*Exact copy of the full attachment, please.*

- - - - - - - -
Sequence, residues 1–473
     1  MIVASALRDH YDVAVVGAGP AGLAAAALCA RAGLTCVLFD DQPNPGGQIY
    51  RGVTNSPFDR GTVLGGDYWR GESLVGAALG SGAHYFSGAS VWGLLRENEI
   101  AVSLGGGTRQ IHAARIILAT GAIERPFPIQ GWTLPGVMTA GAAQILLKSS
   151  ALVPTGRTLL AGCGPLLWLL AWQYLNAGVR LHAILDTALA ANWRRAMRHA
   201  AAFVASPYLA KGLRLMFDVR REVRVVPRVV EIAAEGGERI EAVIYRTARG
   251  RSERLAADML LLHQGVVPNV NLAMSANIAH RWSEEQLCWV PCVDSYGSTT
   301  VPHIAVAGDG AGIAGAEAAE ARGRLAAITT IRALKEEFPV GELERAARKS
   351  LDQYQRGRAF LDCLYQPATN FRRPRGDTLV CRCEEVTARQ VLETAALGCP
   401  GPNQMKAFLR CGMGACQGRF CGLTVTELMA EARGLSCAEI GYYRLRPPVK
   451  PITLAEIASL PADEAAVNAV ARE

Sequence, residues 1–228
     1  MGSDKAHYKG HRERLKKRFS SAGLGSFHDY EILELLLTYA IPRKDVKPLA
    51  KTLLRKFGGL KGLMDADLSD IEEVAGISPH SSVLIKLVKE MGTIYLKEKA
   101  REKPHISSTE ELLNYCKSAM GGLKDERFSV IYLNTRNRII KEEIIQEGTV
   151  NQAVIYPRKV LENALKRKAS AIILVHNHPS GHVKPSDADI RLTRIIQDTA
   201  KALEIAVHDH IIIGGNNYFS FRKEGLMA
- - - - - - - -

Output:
Sequence, residues 1–473
     1  MIVASALRDH YDVAVVGAGP AGLAAAALCA RAGLTCVLFD DQPNPGGQIY
    51  RGVTNSPFDR GTVLGGDYWR GESLVGAALG SGAHYFSGAS VWGLLRENEI
   101  AVSLGGGTRQ IHAARIILAT GAIERPFPIQ GWTLPGVMTA GAAQILLKSS
   151  ALVPTGRTLL AGCGPLLWLL AWQYLNAGVR LHAILDTALA ANWRRAMRHA
   201  AAFVASPYLA KGLRLMFDVR REVRVVPRVV EIAAEGGERI EAVIYRTARG
   251  RSERLAADML LLHQGVVPNV NLAMSANIAH RWSEEQLCWV PCVDSYGSTT
   301  VPHIAVAGDG AGIAGAEAAE ARGRLAAITT IRALKEEFPV GELERAARKS
   351  LDQYQRGRAF LDCLYQPATN FRRPRGDTLV CRCEEVTARQ VLETAALGCP
   401  GPNQMKAFLR CGMGACQGRF CGLTVTELMA EARGLSCAEI GYYRLRPPVK
   451  PITLAEIASL PADEAAVNAV ARE

Sequence, residues 1–228
     1  MGSDKAHYKG HRERLKKRFS SAGLGSFHDY EILELLLTYA IPRKDVKPLA
    51  KTLLRKFGGL KGLMDADLSD IEEVAGISPH SSVLIKLVKE MGTIYLKEKA
   101  REKPHISSTE ELLNYCKSAM GGLKDERFSV IYLNTRNRII KEEIIQEGTV
   151  NQAVIYPRKV LENALKRKAS AIILVHNHPS GHVKPSDADI RLTRIIQDTA
   201  KALEIAVHDH IIIGGNNYFS FRKEGLMA